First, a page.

Kossuth County Advance from Algona, Iowa on May 26, 1932 · Page 9
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Kossuth County Advance from Algona, Iowa · Page 9

Algona, Iowa
Issue Date:
Thursday, May 26, 1932
Page 9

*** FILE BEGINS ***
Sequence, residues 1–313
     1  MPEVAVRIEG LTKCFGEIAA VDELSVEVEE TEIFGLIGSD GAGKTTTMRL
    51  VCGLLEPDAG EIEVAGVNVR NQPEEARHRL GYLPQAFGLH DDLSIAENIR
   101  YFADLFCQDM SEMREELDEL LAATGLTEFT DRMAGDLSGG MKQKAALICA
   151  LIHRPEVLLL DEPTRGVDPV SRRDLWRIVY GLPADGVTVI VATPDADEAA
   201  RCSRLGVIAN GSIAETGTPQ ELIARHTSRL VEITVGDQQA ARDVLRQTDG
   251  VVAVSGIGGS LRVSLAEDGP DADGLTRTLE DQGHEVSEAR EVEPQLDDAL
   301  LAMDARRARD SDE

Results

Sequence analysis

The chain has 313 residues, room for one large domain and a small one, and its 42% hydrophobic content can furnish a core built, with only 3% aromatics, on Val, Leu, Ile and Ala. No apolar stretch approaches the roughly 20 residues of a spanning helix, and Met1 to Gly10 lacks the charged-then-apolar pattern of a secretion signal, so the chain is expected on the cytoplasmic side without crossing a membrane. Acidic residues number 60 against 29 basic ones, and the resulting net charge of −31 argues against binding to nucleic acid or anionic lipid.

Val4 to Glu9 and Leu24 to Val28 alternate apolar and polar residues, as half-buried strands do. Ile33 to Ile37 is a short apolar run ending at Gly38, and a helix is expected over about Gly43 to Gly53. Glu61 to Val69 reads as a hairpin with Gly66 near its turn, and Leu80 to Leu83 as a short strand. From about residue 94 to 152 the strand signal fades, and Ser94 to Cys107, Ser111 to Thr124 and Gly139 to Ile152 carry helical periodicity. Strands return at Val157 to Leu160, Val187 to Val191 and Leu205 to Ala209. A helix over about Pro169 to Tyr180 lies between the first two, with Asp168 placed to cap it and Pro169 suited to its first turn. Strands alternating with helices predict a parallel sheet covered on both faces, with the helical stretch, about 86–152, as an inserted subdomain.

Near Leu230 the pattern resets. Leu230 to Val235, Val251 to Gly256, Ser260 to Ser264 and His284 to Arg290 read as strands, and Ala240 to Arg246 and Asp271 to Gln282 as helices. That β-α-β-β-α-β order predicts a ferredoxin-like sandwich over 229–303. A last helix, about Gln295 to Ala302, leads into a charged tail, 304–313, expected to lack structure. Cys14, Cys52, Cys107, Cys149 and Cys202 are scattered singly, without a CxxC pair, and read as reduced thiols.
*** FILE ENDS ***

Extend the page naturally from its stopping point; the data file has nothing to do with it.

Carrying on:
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d()t)NTy. ADVANCE. Graduate From St. Joe School of transfusion was so grad- IM upon us in the .night, l",Sj,ot understand mat !u tocrease In the, currency, * ft the agricultural dls* >a th fe aituatWn when ,, ral Reserve Board called In C and brought on the oat- a 19«i when corn dropped per bushel io^ 806 •» ia a u other products ,"jn that ratio. • j prices Are hhe price of the product of to,,, not been so low, In i nry The average hog. on [city market today IB $3.00 l^; corn on the farm on of the Chicago price Is 18c ll/w bushel; oaUi l«c per hi) other products of the In the same ratio. It can ,een that It Is impossible fo pay any part of an which he may have m m, The result of this te sands of farms are being by ,the owners of the &i me ask-, what will be > result if this Is allowed ...j Last fall bidders at Jffere notified such bidding J considered an "unfriendly" fthls In the State of Iowa. factories, the stock markets, [Industrial interests did not b shrinkage until the smash f. We are all now in the bot- [tlie trough, whether it le 'the ••*&t. Joe, May 24—There will be graduation exercises at St. Joseph's parochial school this week Friday night. The entire school will participate In the program, which will consist of numerous short plays, folk dances, and music. The eighth grade pupils who are to receive diplomas are Robert Devine, Vernon Kramar, Richard Marso, Aluine 'Berte, Matthew Frideres, Wllmer £hllges, Harold Thllgee, Amanda Thlel, Caroline Gisch, vSusan Frideres, Lucille Kramer, and Rosina Thllges. There Is at present only one grade, the ninth, In the high school, because of lack of room The ninth graders taking part in the program are Sylvester Eagle, Frank fltattelman, Valeria Thilges, Rosalia Krucher, Agnes Klrsch, Engratla Gales, Lucille Gales, Adeline Illg, Agnes BeKe, and Hillna Frideres. Mrs. Jot. Becker to Ohio- Joseph ;Becker Jr., accompanied by •his mother, Mrs. Joseph'Becker Sr., and Mrs, Hubert Becker, with the latter's two daughters^left for Cln- clnnattl, Ohio, Friday, where Mrs. Becker and the children joined her husband, employed there by a building contractor. Fred Ifgg 25 Years Wed— 'Mr. and Mrs. Fred Illg were surprised Sunday evening when neighbors arrived to help them celebrate their silver wedding. Attending were Mr. and Mrs. George Wagner, Mr. and. Mrs. Alfred Reding, John Kayser, Anna Kayser, and the George Illgs. School Ball Team Defeated— The St. Joe school baseball team was defeated , by a Whittemore school team Friday, 6-9. Sunday afternoon the locals were again defeated, this' time by Bancroft, on the local diamond, 11-2. F. B. Program Tomorrow Nliriit— There will be a Farm Bureau meeting at the schoolhouse this' week Wednesday night, with movies, a short program, and talks given by leaders of the 4-H club. Bern Ice Brown, Teacher, Home— Berriice,; daughter of Mr. and Mrs. CharlesvBrown, returned Friday to fmnth ? »e third and fourth grades at Goodell. Schoolmates in Net'Together— . Le .?, Dorr ' st - Benedict, spent with Amelia and Adeline Er- thrce , school at St. Cecelia's academy, Al- financial institutions in Jintry or the farmer who is ; with a mortgage on his |gillon Seeds Remedy. i admits that our situa- be remedied. William Hearst says that we i that this additional cur- luld be returned to clrcu- D. Young says that circulation is "essential" i of commodities can be I Mr. Hearst does .not sug- • he would get the addl- rency into circulation. Mr. iposes the payment to the I at this time but does not I tome other vehicle through Ihe circulation can toe In- Jongress lias enacted Into measures through which hoping that> the sltua- l be remedied. These bills ice at the top and In my t will not Increase the ide- i the banks or increase the |ot the railroads or increase i tf the farm commodity. uree without, , exception i control of the volume of f in the hands of a few' In" This, In my judgment, Is ' ( The volume of ' currency | the course of normal ( bus'l- i not 'be in the hands of t or the Federal Reserve I We had one Illustration, of 1 effects of this when'" the [Reserve Board called ,ln in? in 1921, , t ' I Tender (or Soldiers. [government has acknowl- - indebtedness to,'the sol- obligation maturing In >ver one-half of the soldiers dy availed themselves of •f*t cent borrowing llmlta- rrowed money la draw- at the rate of 4% per * means that In IMS the |«lll have practically eaten —Inlng 50 per cent which them, therefore either !> the government' wjll ^Mining 50 per cent'ad-' Werwatlon. is there any ";why this obligation of should not be met 6 wd paid in legal tender TO sell more bonds with ! t this obligation, bond* , > exempt from tax-nan- 1 where money can toe 'for the benefit of'those "it be allowed to spend her ,summer vacation here. gona. Helps West Bend Priest— The Rev. Father Theabald was at West Bend a couple of days last week, assisting 'Father Dobberstein with 13 hours' adoration. Dance Draws You up People— A dance was given at Vern Barker's Friday night, and the Stephen Lose orchestra furnished music It was well attended. Bcnmillne Rebker 11; Parly— Bernadine, daughter of Mr. and Mrs. Tony Becker, celebrated her llth birthday Sunday by entertaining her schoolmates. Independent Mno IB Benten— The St. Joe independent ball team played Bode Sunday on the local 3Ia- mond and was defeated, 10-5. Other St. Joe. Mr. and Mre. Barney Devine have moved to a house owned by a. Mrs. Riley at Llvermore. Mr. and Mrs. Bernard Devine have moved to the place vacated by the Barney Devines. The Charles Marsos, St. Benedict, and the Charles Plathes were Sunday dinner guests at Philip Fourage's. Mrs. M. Hanifan and her son Tommy spent Sunday with the Bernard Hanlfans, Llvermore. A group of young people drove to Fort Dodge Sunday to attend a K. C. convention. Mr. and Mrs. John B. Reding and George Wagner were at Humboldt Saturday. Mr. and Mrs. Leo Biggins, Livermore, have a new boy, born Saturday. Mr. and Mre. J. C. Thul, Clarion, spent Sunday with relatives here. Prosper Frideree was at Algona on business last Thursday. The John Bertes were at Fort Dodge Saturday. W. J. Payne* Editor. Cliarles Kin nip, Field Reporter. Cow-Testing Reports. The April reports of the three cow-testing associations In Kossuth showed 887 cows in 58 herds. The high herds in the West Bend association were: William Fisher, eight cows, grade Guernseys, 750 Ibs. milk, 34.2 b. f.; Arthur Reidel, 19 cows, grade Guernseys, 743 Ibs. milk, 32.4 b. f.; R. B. Chambers, 13 cows, purebred Holstelns, 953 Ibs. milk, 31.8 b. 1. In the No. 3 association the high herds were: W. A. Hagedorn, ten cows, grade Holstelns, 120 Ibs. milk,. 43.4 b. f.j Henry Lampe, 17 cows, j grade Holstelns, 1156 Ibs. milk, 40.5 b. f.; F. H. Mescher, 17 cows, grade Holstelne, 1016 Ibs. milk, 33.8 to. f. The No. 1 association high herds were: Andrew Godfredson, 14 cows, grade Holstelns, 1173 Ibs. milk, 41.6 b. f.; C. R. Schoby, 23 cows, grade Holsteins, 1154 Ibs. milk, 36.6 b. f.; Stoutenberg & Jones, 14 cows, grade Guernseys, 720 Ibs. milk, 35.4 to. f. The average production of the 58 herds was 692 Ibs. milk and 26.2 b. f. FARM NEWS AND COMMENT. Robert Loss, west of Algona, was planting corn one day laet week in a field where the ground appeared to be In perfect condition. He said he fall-plowed, and then disked and ragged In the spring a half day ahead of the planter. J. P. Mertz, west of Algona, had 80 acres of yellow corn planted by 3:15 Monday, May 16, and was to finish 100 acres of planting next day. He uses his own eeed and gets a better than average crop, so the neighbors said. The women folks were planting sweet corn at the west end of the field. Ira Ashing is now operating the June Bride Honored at Shower at Sexton Sexton, May 24—There was a miscellaneous shower at the Sexton hall Saturday in honor of Mildred Kutschara, who is to be married in June. Forty-three women attended. Mildred is the daughter of Mr. and Mrs. Lou Kutschara, who lived two miles southeast of 'Sexton till a year ago, when they moved to Clear Lake. Mildred will live at Clear •Lake. Fourteen Gallstones Removed— Mrs. Hallard Snyder, a -half mile north of Sexton, was operated on for gallstones last week Tuesday at the Kossuth hospital, and 14 stones were removed. Takes. Bible School Course — '„ Ruth Miller left Friday for Sioux City to spend the week-end there, and on Monday; she went to Sutherland to attend a Bible school two .weeks. of the present situation, V wrong. ' Would Protect Iiiue, ', Ijf P f dei ' al 'Reserve cur^ lation in 1920 of $3,- V<ha<lagoW of our governent the Federal Reserve A % [W'tectea with a therefore country'w^uJld of the Lawrence Hanson Lamed — Marie Harris has been helping her sister, Mrs. Laurence Hansen, with housework. Mrs. Hanisen fell and sprained an ankle. Two Rural Schools Closed — Ila Olsen and Marie Harris, teachers near Titonka; closed (heir schools last week Wednesday, each wkh a picnic, VliUce School Closed Friday- Sexton school closed Friday with a picnic dinner at noon and a fine program. Alberta Grosenbach was teacher, Two Are Reported Sick- August Klrschbaum has been sick a week, Little iLoyd, son of Mr. and MKS. Mack Wise, has been seriously sick. Other Sexton News. The Aid met last Thursday with Mrs. Mack Wise at her new home. Mrs. Skow conducted Bible study, after which lunch was served and a kitchen shower was given for Mrs. Wise, who lost almost everything in a fire last winter. Aileen Martinek returned last week Monday from Winthrop, Minn., where she was teaching. She goes back in the fall. Mrs. Dora Ferrigan was at Wallberg gas station, north of the Algona, while Mrs. Wallburg was with her mother at Brltt. <. Emmet Dent left for his home at Cambria last week 'Wednesday, after a week at W. C. Taylor's. Pearl Steven came-home 'Sunday from Rudd, where she teaches. She goes back in the fall. Choir practice was held Saturday evening at the church, Marie Harris directing. . Mrs. Albert Martinek entertained the Doan Aid last Thursday, 40 attending. . The 'Fred Nehrings were supper guests near Kanawha, Sunday evening. John Harris, who has been sick, le able to be outdoors again. Henry Glave, Brltt, is doing carpenter work for Carl Paetz. • There was roller-skating in the local hall Friday night. , Mrs. Roy Ollom is entertaining a sister from' Woden. health at L.. H, Crawford's, just north of Algona, on the west paving, when we called one day Ipet week. Gerald, 9, who had been sick on a previous visit some months ago, Is robust now, and another youngster was busy .out In the family car, playing chauffeur. The Crawfords bought their farm a few years ago, and they have Improved the premises considerably to make it a convenient far$ home. L. J. Hendren, who has a email acreage south of Algona, has increased the planting of fruit till he now has an acre and a quarter of strawberries and probably three quarters of an acre of red raspberries, all well tended and cultivated. Mr. Hendren and his girls turn their hands to many related lines, including growing melons, and just now they are prepared to furnish wild flower plants for transplanting to wild flower gardens in town. We called Saturday on the L. A. Baylors, who live on the John Frankl farm east of Algona. They came there a year ago in March from Britt. At the time of our call they were entertaining company from Champaign, 111., the M. A. Jacksons, who arrived last week Wednesday morning and were to etay. till Monday, -Mrs. Jackson !s iMrs. Baylor's sister, and Mr. Jackson is a brakeman on the Chicago & Northwestern out of Champaign. Scott Moore, foreman on the John •Frankl farm, one mile east of Algona, has worked there six years, and he and his family were entertaining company Saturday,. namely Carol Squires, a 'nurse from Rochester. -Mrs. Monte Nelson, White Lake, S. D., Mrs. Martin iBudack, Spencer, and Irvin Squires, a sailor cousins of Mrs. Moore. Irvin Yankee Ridge farm, just west of from Norfolk, Va. The visitors are Wallburg barbecue stand, north of Algona, and he has as partner an Algona business man. The Aehlngs lived on the A. J. Keen farm year, and Mr. Ashing worked last for LONE ROCK GIRLS IN SLUMBER PARTY HONORING BIRTHDAY l,one Rock, May 24— A slumber party 'was given for Beulah' Glad- atone in honor of her birthday Friday night at her sister, Mrs. Alfred Krueger's.. Saturday was spent at the river, on, a picnic, and there was roller-skating at night. Attending were Margaret and Berneyce Roderick," Dorothy Macumber, Gladys etebrltz, and Beulah Gladstone. Comuiencemeut Exercises Held— • Commencement exercises were given ajt the school auditorium last week Monday evening. Dean Rier now, of the state university, gave the, address, Dorothy Macumber the Yaledtctpry, a,n<jl Gladys Nelson the salutatory, K»YO Gone Home— following teachers went home week for the summer: Harriett fish, Whttteraore; Evelyn Behr- jpan, Bancroft; Juanita Dunn, Alta, ; M, Poy Jones, Chester; and Cross, Curlew. 4* «r school Friday was won the game from Sen,- will play next Sunday at Fenton. Mrs. X. L. Cotton to Okla.— Mrs. N. L, Cotton left for Lawton, Okla., last Thursday to visit a brother. ••••• Other Lone Bock, Mrs. John. Sprank and two children, John and Viola, went to Mankato last week Wednesday to visit Mr. Sprank, who recently underwent an operation there for ulcers of the stomach. Alma Madison, nurse who had been caring for Mr. Sprank, came home last Thursday, Donald Blanchard, attending col* lege at Cedar Falls and playing on the state teachers ball nine, went with the team to Ypsilanti, Mich,, recently, and was visited there by his sister, Mrs. John Flynn, Detroit. flsT, .L. Cotton, Mrs. W. J. Cotton, and Ersel Blanchavd went to Bsr thervllle Monday morning, Mr. Cotton to-ftttend a banker's convention. Fred'k 'Schultz, candidate for county treasurer, attended a Farm Bureau meetfng at Lakota Friday evening. ' Mr. and Mrs. Clarence Theesfeld and Alma Krueger, all of 'Fenton, were Sunday guests at Alfred Krueger's. Mr. and Mrs. William Helgason, Wallingford, were visitors at the Fred'k SphuJtz home last Thursday. The Arnold Sand/rs family and a Mrs. Riddle, of Li/Verne, visited at the Otis Sanders home Saturday. The Bnos Worthingtons, Mallard, spent Sunday with the ?ornv*'s mother. Mrs, WUte Wort i hlngt9». Kulda. WortWngton spent the week-end with her aunt, Mrs. Chas. Ftecher, Swea. PUy, Ida If. Peterson, .candidate tof county reporter, w*8 cajrapaign.!)!!? l^ere Friday. The ti&rkiij ol«l> met Watson SWcH'8 la^t.week aod««^ w»* to !«<& Wtt 0^* ' l . J. Keen & Son. We are glad to see him starting for' himself. Plum Creek F. B.. women met at Mrs. William Fitzgerald's last week Monday to make posters for an Achievement day booth June 6. Lunch wa's served by the hostess, and attending were Mrs. Clifford iBenschoter, Mrs. Agnes Seely, Mrs. Austin Gardner, Irene Fitzgerald, and Muriel Body, H. D. A. Jasper Steenhard, four miles north and a mile east of Swea City, lives on a farm owned by Henry Mylor, Swea City, who was rebuilding outbuildings and repainting the house when Mr. Klamp called laet week Monday. The 'Steenhards, .wlro moved to the farm in March from Gerled, have three boys and one girl. At the Earl Ferris home, just south of Hampton, ten days ago, we saw probably a couple of acres of tulips blooming in all the colors of the rainbow. We suppose the other women at Hampton, at least in tulip-blooming time, admit that Mre. Ferris, with her nurseryman husband, has some advantage over them.; Mrs. Jos. Elbert, weet of Algona, 1 has one of the very best gardens we have seen this year. She lays her vegetable garden out for appearance as well as utility, and also is a great hand with flower-growing. The Elbert garden is an unusually large one, and is tended mostly by Mrs. Elbert and the girls, for the men farm a big acreage. At Bancroft : last week Monday we called at Farmers & Traders bank and inquired for A. O. Stromseth, who had heetofore always met us with a smile, but the bank folks said he had moved to Atwater, Minn,, where he was that very day opening, a new bank, the Citizens State bank. He had been with the Farmers & Traders bank ten years. We stopped at Roy Sarchett's, north of Algona, recently and passed the time of day, inquiring whether any newcomers had moved Into the. neighborhood who might buy our papers. He wanted' to know whether were were -running for sheriff, and said that nary,a.candi- date had offered him a cigar this year, though .plenty had called on him, Riverdale Farm Bureau members had a comrnunity " meeting ,last evening at the St, Joe schoolhouse, and a feature was moving pictures relating to livestock marketing, Comedies were also shown, and Jack Galloway, Ames extension specialist in farm management, spoke. There was music by a new 4-H Riverdale orchestra, also by ' the Erpeldlng and the Plathe boys. Mrs. Norman Helleseth was ess to Garfield township's project women last week' Tuesday, and posters for an Achievement d,ay booth were ma'de and ft special feature planned, Lunch Berv£ d the hostess, Attending were Mrs. Alex Bonnstetter, Mrs, Harold Anderegg, Mrs. Bert Fuchsen, Mrs. H. F. Anderegg, Airs. O. Berninghaus, and Martha Elllngson. A good-steed crowd, amended a Farmers' Union meeting at the John Brink home, east of Bancroft, May 17, The principal speaker w$e O< D. Goodwin, of fhe 'Farmers' Union Insurance company. lie gave that was interesting, and after the program lunch was served by Mrs, Brink. The next meeting will be held a,t Glaus WJbben's, a little east, and visitors will he welcomed. Mrs. Sidney .Wallburg, of the Wallburg barbecue, / north of town, her hugpandj also five brother^ and a sister, were called to the Hutching neighborhood one day jlgst w«ek and were at thjeir nj at the latter^ 4e»Jft. Squires Is serving his second enlistment in the navy and has now been in the service five years. Last week Tuesday we asked George Doocy, northwest of Swea City, why he had his corn planter decorated with so much baling wire, and he said the young horses had run away with the planter the day before, and had not only smashed up the machinery, but had distributed seed corn in a wide swing around the_'field. George said -he got a hold of one line and swung the team around. He expects to have a record of the wild trip when the spilled seed, corn begins to sprout. The horsee appeared gentle enough after their experience of the day before. While we were at A. J. Seller's, a mile south of 'Sexton, Friday we were shown Mrs. Seller's flower gar- PAGEAHT ENDS SCHOOL YEAR AT LEDYARD Ledyarcl, May 24—The Ledyard Consolidated school closed .Friday with a. full program and a. large crowd in attendance. At 9:30 the students gave a pageant, Our Spirit of Progress. Act one showed the beginning of Ledyard township, with scenes as follows: Indians in our community, war dance, Indian song, old settlers coming to Ledyard, old time songs. Act two, the Ledyard Community of Yesterday, had scenes of Ledyard's first church with an old-fashioned wedding, a quilting bee, square dance, corn husking bee, town band, one of Ledyard's firet schools, haymaking. The community of today was shown in scenes of the following: the first buildings, the Ledyard fire, mobilization for World war, church of today and a modern wedding, modern band, rhythm band, school of today. At noon a picnic dinnec was held, and following dinner an exhibition was held in the gymnasium. At 2 o'clock the Junior high baseball team played the second team, and the juniore won 10-3. Following this Grant Consolidated school played here and won 2 to 0. Most of the teachers left the same day for their respective home: Miss Jones to iLivermore, Harold and Mildred Granner to Pay ton, Miss Wylam to Hawkeye, Miss Randall to Mason City, Miss Stranahan to Fayette, Miss Nolan to attend' school at Iowa City this summer, and Mr. Barrett Is to attend college at Upper Iowa. Faculty Plcnlcks at Algona— The school faculty held a picnic at Call's park in Algona last Thursday evening with the new teachers entertaining the others. Everyone attended the show after supper. Aid Meeting Postponed— The Methodist Aid is postponed from this Thursday til] next week Thursday to meet at "Mrs. George Thompson's. Elinore Is Defeated 7-6— The high school baseball team went to Elmore last week Tuesday and won 9-6. Other Ledyard News. •Mr. and Mrs. A. E. Lauritzen, son Jerry, and Winnifred Friday went to Lehigh Sunday. Winnifred stayed to spend the summer with her sister. A number from here attended baccalaureate exercises at Grant Center Sunday evening. The -Rev. Weaver," of Swea City, preached the sermon. Mrs. Barrett .took her pupils to the Twin Hills last week Wednesday and Miss Wylam her grade out den. She divides it with two paths to olaf Engelby>, for picnics. _. .-._. - ._ _Tnl*a finlfarit 1 ov\ft lito sti»aiir l^fi DELICIOUS Summer - Time - Candies Cocoanut, Toasted Tea Biscuits, per lb. - 29c Candy Orange Slices, per lb. 29c Crystal Jellies, orange and lemon, per lbT~~~ 7 ~~50c Jell Mars, .assorted flavors, lb _ 500 Crystal Cream Wafers, assorted flavors, lb.__ ~~~50c Chocolate Mint Wafers, per lb. _ 300 Tee-Up-Mints, package ~"~~"~ 5 C Minimints, package 5 C Diana Stuffed Bon Bons, package IIIIII"" 5c Chocolate Pearlettes, package "IIIIIIIIlBc EAT GOOD CANDIES. YOU'LL NEED LESS. ••« THE ALGONQUIN t THE PLACE FOR REPUTABLE CANDIES. *^ *• THERE IS ONLY ONE Peterson Studio in Algona. We have no "offshoots" and no solicitors. You do not need a card of any kind to get in, but if you want a coupon, come up and we will give you one—for nothing! P. S. (meaning Peterson Studio) your copy work need not be entrusted to strangers "from the city," bring it up. Nor your kodak work. Individual attention is given to each roll, in our finishing department. Phone 34-W bordered by small stones of uniform size which were whitewashed. The garden is pretty and well 'kept up. Mrs. Seller picked the rocks wherever she found them, but most of them were gathered two miles away on the Henry Seller; farm. Mrs. Seller has 11 klnde of roses, and more than 50 other kinds of flowers. Tbny takes care of the vegetable garden, and it was up and doing fine. Both of the Sellers take great pride in their gardens. e Mr. and Mrs. Charles Fischer, just west of Swea City, were enjoying good health when we called one day last week. Mrs. Fischer, who had been in poor health ] and was visit- Ing hospitals when we saw her last two or three years ago, ' is looking well now. .Charles talked politics some, also tried to swap us his interest in ' some, of the deposits he has in closed banks at Algona. We found he was in at least one point •better posted on Algona closed banking conditions than we \yere, and we agreed that sometimes one has to go away from home to learn '•what Is going on there, .Arthur Anderson, northwest of Swea City, Is building a fine 'new 38x32 tile 'barn on his farm. The •building will be 14 foot to the eaves, and will be equipped with a Jamesway ventilating system, stanchions, and, other equipment. The basement floor will be partly of concrete, and the walls will be of double thickness up to the joist lines. The contracting is by Peterson ; & Haglund, and we got the figures from Albert 'Eckerberg, . who was nearesj man working on the job. Mr, Anderson, who Is one of the good bachelor farmers of the neighborhood, was hard hit by f a, tornado some years ago, and he patched up his buildings to mak< them do till now, when he can rebuild at the lowest price in many years. A. inan from Arnolds Park was with 'the writer last week, and we ^stopped, at the Roy Lowman' home in Union township to speak to Mrs. Roy Lowman, who was In the yard, furnishing nourishment from two bottle* for two little orphan* lambs, The man said, "I'll *>et I wen| to school with that girl," So we introduced him, and 'Mrs. Lowman recalled hint as a high school mate. Mrs. Lowman was Verla. Robinson before her marriage, and witty her parents, the C, N, Robinsons, who farm » little way southwest, formerly lived at Arnolds Park, In the lakes region. The man we were with, G, Of. Drake, has till veoen,tly held a position on the staff of a political and labor paper at Sioux City edited by Wallace M. Short, prominent politician, and he sure gave us A line on inside stories ot the poll-: fical situation ij> nortlwost Iowa, We called $t Va>ce Oa.Uey'fi, Ledyard, lust week Wednesday, and. Mrs. Qatley s*ld she was "batching it," her husband being neap Sprjng/ield, iu,, working for a road construction company, This company has, two outfits, one motorized; ra|;^d iwltji horses. Ledyard, is the forer stayed for the fune^J M*y operates IMV ejtcawtor graders ern ^iosso, land 1 ^*** l^OT?r ^S*p^«, "",:* Jule Selfert and his crew left town last week Wednesday for Iowa Lake, where he has 12 miles of road grading under contract. Mr. arid'Mre:'Ralph 1 Olson, daughter Paddy, were Sunday guests at the Rev. and Mi's. F. O. Johnson's at Lakota. Mr. and Mrs. George Thompson, son Duane, were visitors at Mrs. Carrie Bakke's, of Mallard, last week Tuesday. Alice Dunham,, of Waterloo, came last week Tuesday for an extended visit with her sister, Mrs. D. B. Mayer. ,. . Mrs.-Wm. Garry's mother, Mrs. Walsh, of Rochester, Minn., came last week Tuesday for a visit, The R. J, Womack family and Marjorie Matzener were at Iowa Lake Sunday, , ... Albert .Looft and Mr. and Mrs. Albert Brand went to St. Paul Saturday. Genevieve Kitley, of Handy, visited friends here, Thursday and Friday. , The Leon Wordens visited at Algona and 'Seneca Sunday. The Jess O'Keefe family spent Sunday in 'Fenton. "Bill" WIemer spent the week-e.nd at Van Meter, , • NOTICE .OF PBOBATE OF WILL No. 3681. State of 'Iowa, Koseuth county; SB. In District Court. March term, 1932T To All Whom It May Concern: You are hereby notified, that an Instrument of writing purporting to be the last Will and Testament of Elizabeth Bowen, deceased, dated October 6, 1931, having been this day filed, opened and read, the 13th day of June, 1932, la fixed for hearing proof of same at the Court House In Algona, Iowa, before the District Court of said County or the Clerk of said Court; and at 9 o'clock a. m. of the day above mentioned, all persons interested are hereby notified p.nd required to appear and show cause, If any they have, why said instrument should not be probated and Allowed as amd for the last Will and Testament of said deceased. Here's How to Save Money •' ' - ' * * Don't be deceived by a cheap price, because "cheap" may also apply to the fabric and making of the suit. To save money, to make; a thrifty purchase, buy clothing of a make that is known to give dollar for dollar value for what you spend. After months of wear you'll be doubly convinced that Quality by Zender & Caldwell means more value. Suits for Memorial Day 18.50 23.50 24.50 ', V;H 29.50 to 85.00 i Zender &Caldwell 1 GOOD CLOTHES This store will not open on Memorial Day. TO THE MILLIONS Who Drank Beer Dated 193?. 36-38 at Algona, Iowa, May 13, CLARK OJRTON, Clerk of District Court By OLARA SCHAAP,, Deputy.' Baby Chick ,._ ? ,> w ,||,50 per 100 r day*, Thereto 4»yam«lt: in the old theUw factftUt I*W If «f*l tar mmtlM td | w* ««tract t th« «l<*taJ to M^, . rt in*. 4U ffe* f* flwpfft".'^" 4 w ;W4* f^^f •* VjlS A <-•£*• \-H$ owr command to- brew w | «o healthful ttuil; d«ctojrf ei ^fctesf 1 ^**^ •^fJS^*™* wV| t »fF 1 J" \ _ Wtfc *